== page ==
For an entire generation of Americans, Christians have become defined by what we are against.  By what we hate.  By whom we oppose.  Jesus’ call that we would be known “by our love” has been lost in our generation.  Even more concerningly, this 30 year focus has left us very clear on how we are supposed to vote, but very unclear on how we are supposed to live.  And the results are striking.  Conservative Christians in America divorce at the same rate as the general population.  We use internet porn at the same rate as the general population.  We long for the same houses, the same cars, the same vacations.  We are, research has shown, statistically identical.

We hail a film like “The Passion of the Christ,” calling it “the biggest evangelism opportunity in 2000 years.”  And our neighbors watch the film, drawn by the celebrity of the filmmaker and, most likely, pure curiosity.  And while the story engages them, when they leave the theater and look at us – the Christians down the street – they see we are no happier than they are.  We’re pursuing the same materialistic fixes.  Going just as deeply into debt to inflate our lifestyle.  “Whatever they got from following this Jesus doesn’t seem to do any good.  They’re no happier than we are.”

So an amazing film about Jesus attracts everyone’s interest, and, research will later show, accomplishes nothing.  Why?  Because the world doesn’t learn about God by watching Christian movies.  The world learns about God by watching Christians.  And we Christians are failing to show the world the love of God.  We've failed to make an invisible God visible.  We’ve shown them cranky Christians.  Politically-savvy Christians.  Market-driven Christians.  Ambitous Christians.  What we haven’t shown them, are loving Christians.  And since Jesus said they would “know you by your love,” I think it’s safe to say the world doesn’t know what a Christian is.  And sometimes I suspect we don’t either.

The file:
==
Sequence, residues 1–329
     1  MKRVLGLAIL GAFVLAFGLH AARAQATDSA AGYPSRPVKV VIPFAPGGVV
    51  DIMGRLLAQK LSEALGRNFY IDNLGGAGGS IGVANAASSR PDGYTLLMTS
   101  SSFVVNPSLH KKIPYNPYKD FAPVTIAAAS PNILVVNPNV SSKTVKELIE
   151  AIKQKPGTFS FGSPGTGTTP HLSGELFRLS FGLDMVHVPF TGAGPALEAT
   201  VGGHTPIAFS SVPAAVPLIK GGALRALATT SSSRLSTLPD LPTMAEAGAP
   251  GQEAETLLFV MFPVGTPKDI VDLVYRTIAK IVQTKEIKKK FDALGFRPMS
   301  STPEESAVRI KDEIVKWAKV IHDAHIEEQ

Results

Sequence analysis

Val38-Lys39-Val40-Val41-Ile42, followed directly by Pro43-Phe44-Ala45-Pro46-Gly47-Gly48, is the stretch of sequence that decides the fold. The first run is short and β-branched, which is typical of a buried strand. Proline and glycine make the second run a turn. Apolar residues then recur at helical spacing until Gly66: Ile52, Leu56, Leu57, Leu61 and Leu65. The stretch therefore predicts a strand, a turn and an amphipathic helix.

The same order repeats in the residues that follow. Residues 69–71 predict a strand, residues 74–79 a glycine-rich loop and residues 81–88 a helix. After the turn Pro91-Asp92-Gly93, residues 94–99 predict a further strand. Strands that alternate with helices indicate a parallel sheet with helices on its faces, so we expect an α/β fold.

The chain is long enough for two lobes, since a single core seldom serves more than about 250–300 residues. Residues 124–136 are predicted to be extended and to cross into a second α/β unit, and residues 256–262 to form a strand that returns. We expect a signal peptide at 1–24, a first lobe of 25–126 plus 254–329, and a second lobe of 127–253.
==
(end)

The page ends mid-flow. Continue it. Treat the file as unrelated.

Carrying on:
One half of all adult Protestants can’t define the word “grace,” a concept that was pretty central to the Protestant Reformation.  “For by grace are we saved through faith….”  So here’s a question:  How exactly are we supposed to live out God’s saving grace in front of a watching world if we can’t even define the term?  George Gallup, the pollster who discovered this and many other points of ignorance within the American church, concluded that most pastors have no idea how little many American Christians know about their faith.  It isn’t that we know what we should do and are refusing to do it – it’s that we really don’t have a clue.